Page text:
The National Day for Truth and Reconciliation will not be a statutory holiday in Ontario.
A spokesperson for Greg Rickford, Minister of Indigenous Affairs, confirmed to Daily Hive that September 30 will not be a “provincial public holiday this year.”
“Ontario is working in collaboration with Indigenous partners, survivors, and affected families to ensure the respectful commemoration of this day within the province, similar to Remembrance Day,” the spokesperson said in a statement.
The statement noted that some employers may choose to observe the holiday, and others may be required to do so if it has been included in employment contracts.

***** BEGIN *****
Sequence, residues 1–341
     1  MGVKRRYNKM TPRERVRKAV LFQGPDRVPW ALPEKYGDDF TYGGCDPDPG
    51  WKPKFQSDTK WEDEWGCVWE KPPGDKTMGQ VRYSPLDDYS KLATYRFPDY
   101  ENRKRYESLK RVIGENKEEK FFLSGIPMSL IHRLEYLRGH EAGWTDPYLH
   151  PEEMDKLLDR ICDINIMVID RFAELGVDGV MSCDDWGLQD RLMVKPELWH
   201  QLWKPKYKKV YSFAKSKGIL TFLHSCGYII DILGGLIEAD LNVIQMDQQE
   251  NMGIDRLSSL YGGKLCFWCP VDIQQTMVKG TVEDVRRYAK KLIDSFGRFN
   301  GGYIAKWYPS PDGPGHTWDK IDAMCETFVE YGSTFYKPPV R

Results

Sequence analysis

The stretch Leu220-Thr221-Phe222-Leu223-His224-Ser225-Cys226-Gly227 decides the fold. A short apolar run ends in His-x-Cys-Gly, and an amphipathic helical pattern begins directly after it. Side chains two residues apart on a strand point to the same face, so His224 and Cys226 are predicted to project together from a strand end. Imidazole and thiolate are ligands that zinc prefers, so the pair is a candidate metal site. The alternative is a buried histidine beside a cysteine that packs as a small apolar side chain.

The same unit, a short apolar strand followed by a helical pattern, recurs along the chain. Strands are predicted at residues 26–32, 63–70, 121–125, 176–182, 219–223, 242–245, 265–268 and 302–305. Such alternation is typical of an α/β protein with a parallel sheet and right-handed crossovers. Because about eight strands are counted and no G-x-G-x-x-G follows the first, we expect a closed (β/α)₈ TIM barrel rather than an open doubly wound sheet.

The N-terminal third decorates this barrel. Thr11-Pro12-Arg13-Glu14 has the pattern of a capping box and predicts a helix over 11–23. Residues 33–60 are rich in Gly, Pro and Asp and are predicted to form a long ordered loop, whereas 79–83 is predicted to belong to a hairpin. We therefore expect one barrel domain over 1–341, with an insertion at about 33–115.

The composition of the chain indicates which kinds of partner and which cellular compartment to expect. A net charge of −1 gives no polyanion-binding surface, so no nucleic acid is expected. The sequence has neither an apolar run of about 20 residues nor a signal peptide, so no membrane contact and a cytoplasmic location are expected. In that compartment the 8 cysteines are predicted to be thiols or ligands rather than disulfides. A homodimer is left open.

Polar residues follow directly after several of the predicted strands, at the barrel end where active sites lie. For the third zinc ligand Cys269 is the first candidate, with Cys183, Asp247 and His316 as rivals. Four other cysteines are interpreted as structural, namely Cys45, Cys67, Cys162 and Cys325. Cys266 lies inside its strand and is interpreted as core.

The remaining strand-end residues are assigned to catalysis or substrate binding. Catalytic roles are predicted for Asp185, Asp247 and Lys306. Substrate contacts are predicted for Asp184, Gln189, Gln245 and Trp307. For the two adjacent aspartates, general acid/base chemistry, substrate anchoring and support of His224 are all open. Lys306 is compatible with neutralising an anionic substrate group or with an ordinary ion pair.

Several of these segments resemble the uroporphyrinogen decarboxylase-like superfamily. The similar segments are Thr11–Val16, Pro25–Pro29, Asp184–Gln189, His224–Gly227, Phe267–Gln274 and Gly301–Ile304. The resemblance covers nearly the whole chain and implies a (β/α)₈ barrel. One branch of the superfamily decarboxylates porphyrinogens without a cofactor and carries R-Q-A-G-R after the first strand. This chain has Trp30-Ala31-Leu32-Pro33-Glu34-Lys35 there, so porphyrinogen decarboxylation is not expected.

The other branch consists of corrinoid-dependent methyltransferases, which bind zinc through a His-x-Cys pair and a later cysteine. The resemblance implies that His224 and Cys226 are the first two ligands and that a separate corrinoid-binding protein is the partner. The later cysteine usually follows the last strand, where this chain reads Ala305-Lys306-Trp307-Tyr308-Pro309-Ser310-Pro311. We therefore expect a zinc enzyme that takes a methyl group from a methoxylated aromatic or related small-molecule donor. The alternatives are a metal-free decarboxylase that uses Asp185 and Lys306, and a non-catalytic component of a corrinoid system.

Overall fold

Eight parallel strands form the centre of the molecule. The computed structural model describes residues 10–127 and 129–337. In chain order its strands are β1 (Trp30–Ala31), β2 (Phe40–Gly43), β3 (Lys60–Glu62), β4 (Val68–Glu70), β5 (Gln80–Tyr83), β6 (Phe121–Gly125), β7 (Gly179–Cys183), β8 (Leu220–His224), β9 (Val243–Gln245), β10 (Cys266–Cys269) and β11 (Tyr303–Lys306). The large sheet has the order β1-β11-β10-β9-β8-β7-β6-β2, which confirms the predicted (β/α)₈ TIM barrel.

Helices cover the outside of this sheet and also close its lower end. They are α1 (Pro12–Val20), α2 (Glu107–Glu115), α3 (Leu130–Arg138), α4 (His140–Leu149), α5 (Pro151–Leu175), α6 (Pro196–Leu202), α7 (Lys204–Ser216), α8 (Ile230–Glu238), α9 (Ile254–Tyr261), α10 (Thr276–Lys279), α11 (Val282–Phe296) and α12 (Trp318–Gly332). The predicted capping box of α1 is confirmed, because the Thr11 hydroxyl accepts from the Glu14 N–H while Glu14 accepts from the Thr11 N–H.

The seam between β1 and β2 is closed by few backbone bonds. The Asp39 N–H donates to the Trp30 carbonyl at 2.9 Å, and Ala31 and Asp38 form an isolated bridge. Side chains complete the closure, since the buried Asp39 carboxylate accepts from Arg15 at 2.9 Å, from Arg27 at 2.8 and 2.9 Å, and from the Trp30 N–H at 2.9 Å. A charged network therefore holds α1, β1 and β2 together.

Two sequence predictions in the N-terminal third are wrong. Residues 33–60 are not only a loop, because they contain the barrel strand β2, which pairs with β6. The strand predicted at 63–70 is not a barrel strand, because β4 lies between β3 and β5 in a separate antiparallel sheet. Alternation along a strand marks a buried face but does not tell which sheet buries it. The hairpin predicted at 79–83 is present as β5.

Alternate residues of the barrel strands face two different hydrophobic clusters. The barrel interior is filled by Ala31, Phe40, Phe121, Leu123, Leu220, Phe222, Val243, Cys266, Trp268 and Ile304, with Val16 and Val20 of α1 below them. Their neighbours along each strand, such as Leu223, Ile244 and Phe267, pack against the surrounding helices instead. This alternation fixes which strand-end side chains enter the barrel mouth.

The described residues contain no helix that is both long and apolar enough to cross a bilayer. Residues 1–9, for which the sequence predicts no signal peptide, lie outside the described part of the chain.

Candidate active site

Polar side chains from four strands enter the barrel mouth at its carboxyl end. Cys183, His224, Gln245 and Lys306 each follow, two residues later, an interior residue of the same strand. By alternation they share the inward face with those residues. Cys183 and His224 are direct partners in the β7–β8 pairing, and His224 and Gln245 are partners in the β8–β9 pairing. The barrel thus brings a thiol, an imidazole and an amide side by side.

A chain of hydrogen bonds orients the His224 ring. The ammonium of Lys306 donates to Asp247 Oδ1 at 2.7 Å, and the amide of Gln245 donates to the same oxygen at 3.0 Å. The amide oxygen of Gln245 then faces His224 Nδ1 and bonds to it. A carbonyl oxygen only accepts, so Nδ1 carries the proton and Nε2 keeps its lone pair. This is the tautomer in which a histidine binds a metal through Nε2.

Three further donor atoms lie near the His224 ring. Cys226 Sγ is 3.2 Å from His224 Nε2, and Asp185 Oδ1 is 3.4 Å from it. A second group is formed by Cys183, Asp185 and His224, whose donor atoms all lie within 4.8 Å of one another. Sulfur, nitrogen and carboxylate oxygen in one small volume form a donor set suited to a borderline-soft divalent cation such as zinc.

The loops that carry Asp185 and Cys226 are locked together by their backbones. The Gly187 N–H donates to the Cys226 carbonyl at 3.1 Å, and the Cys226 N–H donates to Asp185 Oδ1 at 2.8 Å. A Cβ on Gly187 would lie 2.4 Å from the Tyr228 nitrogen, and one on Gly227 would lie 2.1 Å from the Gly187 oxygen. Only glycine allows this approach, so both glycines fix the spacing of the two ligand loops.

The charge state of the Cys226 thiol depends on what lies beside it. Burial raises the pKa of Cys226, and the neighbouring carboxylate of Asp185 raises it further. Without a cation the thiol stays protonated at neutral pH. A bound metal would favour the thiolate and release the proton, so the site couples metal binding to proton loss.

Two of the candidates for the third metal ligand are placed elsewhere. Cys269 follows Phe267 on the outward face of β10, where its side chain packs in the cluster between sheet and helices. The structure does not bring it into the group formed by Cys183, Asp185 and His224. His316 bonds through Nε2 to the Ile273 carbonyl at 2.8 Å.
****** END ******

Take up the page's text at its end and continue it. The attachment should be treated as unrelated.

Federally regulated employees, who are governed by the Canada Labour Code, will receive the day off. This includes federal government and bank employees.
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The federal government established the National Day for Truth and Reconciliation in order to commemorate the legacy of the residential school system and honour its survivors.
The bill to create the statutory holiday received Royal Assent on June 3 and is to be observed on September 30.
Establishing a statutory holiday to publicly acknowledge the history of residential schools was one of the Truth and Reconciliation Commission of Canada’s 94 calls to action.